By LISA KLEIN
Pandemic-related delays in the supply chain have caused major shortages in newly made furniture at every price point.
Indeed, more luxury consumers are turning to used items to fill their spaces.
“Vintage is hot!” said Anna Brockway, cofounder and president of curated online vintage marketplace Chairish.
“Not only is vintage furniture beloved for its chic, one-of-a-kind style, but there’s also growing appreciation for its immediate availability and sustainability,” she said.
Consumers are finding it hard to live with the up-to-six-month wait for new furniture. Pre-loved pieces are now filling the void.
“I have been incorporating more vintage and antiques than normal because they are readily available,” said Denise McGaha, founder of eponymous Dallas design firm Denise McGaha Interiors.
Although delays have driven a surge in vintage buys, consumers, particularly younger ones, have also been increasingly looking to past treasures to live more sustainably.
“Research shows that sustainability is a top priority for buyers of all ages and our 2021 Chairish consumer study specifically revealed that 58 percent of millennials agreed that the resale market plays a big role in the future of sustainability,” Ms. Brockway said.
“We encourage everyone to consider vintage first when purchasing,” she said.
Reusing well-made pieces helps to reduce waste – about 12 million tons of furniture are disposed of every year in the U.S. alone, according to Chairish – and home design also benefits from having high-quality furnishings, something vintage and antique versions have in abundance.
“It’s no secret that vintage furniture was built in an era where automation wasn’t as important, so many were built by hand using age old techniques,” Ms. McGaha said. “The hardware is often high quality and after years of use has a beautiful patina as well.”
There is also no shortage of places to buy older pieces, from luxury antique stores to individuals selling their own items on Facebook. Those who want to make sure their picks are the highest quality and correctly dated and priced should stick to the experts.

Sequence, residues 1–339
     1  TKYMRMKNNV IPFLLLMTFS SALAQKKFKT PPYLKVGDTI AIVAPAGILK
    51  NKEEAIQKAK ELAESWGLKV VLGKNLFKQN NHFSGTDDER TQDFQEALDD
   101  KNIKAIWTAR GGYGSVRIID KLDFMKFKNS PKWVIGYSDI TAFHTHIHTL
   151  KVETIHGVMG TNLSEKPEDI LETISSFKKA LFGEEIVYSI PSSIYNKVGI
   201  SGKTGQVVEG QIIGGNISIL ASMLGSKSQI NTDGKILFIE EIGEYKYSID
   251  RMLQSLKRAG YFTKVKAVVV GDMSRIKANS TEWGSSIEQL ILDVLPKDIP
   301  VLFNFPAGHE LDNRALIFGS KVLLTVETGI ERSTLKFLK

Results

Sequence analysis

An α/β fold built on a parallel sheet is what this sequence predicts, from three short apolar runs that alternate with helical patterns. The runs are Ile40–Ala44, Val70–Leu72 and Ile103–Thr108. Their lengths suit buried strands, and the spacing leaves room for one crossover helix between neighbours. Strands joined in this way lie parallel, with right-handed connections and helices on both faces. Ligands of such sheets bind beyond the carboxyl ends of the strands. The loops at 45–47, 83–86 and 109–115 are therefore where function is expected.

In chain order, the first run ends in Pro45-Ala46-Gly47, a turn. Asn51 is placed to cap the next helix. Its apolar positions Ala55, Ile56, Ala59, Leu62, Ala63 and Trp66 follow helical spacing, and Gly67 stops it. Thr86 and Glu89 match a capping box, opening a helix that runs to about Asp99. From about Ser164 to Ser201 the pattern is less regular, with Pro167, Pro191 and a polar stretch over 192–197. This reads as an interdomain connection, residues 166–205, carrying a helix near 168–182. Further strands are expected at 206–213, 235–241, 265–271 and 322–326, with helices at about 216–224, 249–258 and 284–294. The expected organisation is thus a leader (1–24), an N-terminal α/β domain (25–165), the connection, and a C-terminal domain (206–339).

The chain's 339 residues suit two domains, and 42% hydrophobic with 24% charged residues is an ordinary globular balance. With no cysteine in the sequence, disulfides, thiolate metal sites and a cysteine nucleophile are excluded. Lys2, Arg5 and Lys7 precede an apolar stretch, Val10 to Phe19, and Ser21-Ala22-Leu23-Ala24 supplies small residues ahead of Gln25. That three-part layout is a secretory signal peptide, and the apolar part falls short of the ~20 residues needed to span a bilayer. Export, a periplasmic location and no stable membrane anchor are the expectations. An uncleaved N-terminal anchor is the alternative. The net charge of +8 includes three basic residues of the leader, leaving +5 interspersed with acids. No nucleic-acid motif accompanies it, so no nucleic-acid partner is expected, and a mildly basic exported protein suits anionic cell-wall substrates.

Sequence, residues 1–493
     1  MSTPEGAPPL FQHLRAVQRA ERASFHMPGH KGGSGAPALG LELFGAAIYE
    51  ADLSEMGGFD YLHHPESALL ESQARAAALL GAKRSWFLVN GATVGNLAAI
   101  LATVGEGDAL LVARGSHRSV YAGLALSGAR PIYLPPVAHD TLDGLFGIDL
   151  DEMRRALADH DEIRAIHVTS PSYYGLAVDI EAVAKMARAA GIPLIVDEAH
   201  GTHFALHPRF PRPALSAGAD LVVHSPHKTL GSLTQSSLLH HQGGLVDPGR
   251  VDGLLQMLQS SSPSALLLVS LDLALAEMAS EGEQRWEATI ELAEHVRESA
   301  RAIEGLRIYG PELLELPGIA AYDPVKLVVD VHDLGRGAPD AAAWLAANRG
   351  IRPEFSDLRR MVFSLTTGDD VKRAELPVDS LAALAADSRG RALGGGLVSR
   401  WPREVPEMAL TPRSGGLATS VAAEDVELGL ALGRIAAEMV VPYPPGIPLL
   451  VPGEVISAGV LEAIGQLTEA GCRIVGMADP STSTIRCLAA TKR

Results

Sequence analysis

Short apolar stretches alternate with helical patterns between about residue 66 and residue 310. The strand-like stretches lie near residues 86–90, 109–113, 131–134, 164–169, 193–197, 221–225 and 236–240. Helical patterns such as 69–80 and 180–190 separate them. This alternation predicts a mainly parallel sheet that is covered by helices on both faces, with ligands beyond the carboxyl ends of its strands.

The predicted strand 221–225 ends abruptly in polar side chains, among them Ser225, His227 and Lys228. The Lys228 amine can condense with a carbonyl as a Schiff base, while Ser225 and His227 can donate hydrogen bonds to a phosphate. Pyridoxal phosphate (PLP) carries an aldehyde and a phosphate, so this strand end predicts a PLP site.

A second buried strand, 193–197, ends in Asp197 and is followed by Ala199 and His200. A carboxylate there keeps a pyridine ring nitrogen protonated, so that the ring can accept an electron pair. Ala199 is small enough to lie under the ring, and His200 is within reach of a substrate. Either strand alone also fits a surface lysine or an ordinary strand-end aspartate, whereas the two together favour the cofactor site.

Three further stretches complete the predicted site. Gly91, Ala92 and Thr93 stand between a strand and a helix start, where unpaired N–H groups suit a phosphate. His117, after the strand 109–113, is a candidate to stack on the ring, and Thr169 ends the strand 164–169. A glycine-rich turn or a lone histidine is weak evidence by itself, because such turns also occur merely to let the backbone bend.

“Dallas has an amazing stable of dealers locally that I love to source for our projects,” Ms. McGaha, who also scores vintage finds online, said.
Chairish makes sure that all pricing is transparent and comparable to other items on the site and has a feature that allows customers to try out pieces in their rooms virtually in addition to ensuring that items it sells are represented accurately.
“Look for reputable retailers,” Ms. Brockway said. “All the items on Chairish are curated, meaning we have a team dedicated to vetting each and every piece.”
Adding older pieces to a room is not difficult, especially when mixing different styles and eras together is somewhat the point.
“We don’t see our shoppers gravitating towards just one era but instead see them creatively mixing pieces from various periods to create one-of-a-kind spaces,” Ms. Brockway said.
The hunt is part of the fun and what will make a space unique to each homeowner. Finding interesting furniture is that much more likely when consumers are shopping outside of a showroom or catalog and are putting extra thought into each piece they buy.
“Pieces that do really well are ones that pop!” Ms. Brockway said. “Think beautifully upholstered velvet seating, patterned fabrics, bright and lacquered tables, and anything with a unique shape, whether sculptural or figural.”
The best rooms artfully combine pieces of varying sizes, shapes, styles and eras, while keeping scale in mind.
“I consider incorporating vintage furnishings into a room like hosting the perfect dinner party,” Ms. McGaha said.
“You would never invite guests that are all alike – it really gets fun when you have guests of different age groups and different interests to really make it interesting,” she said. “A great room should be just the same.”
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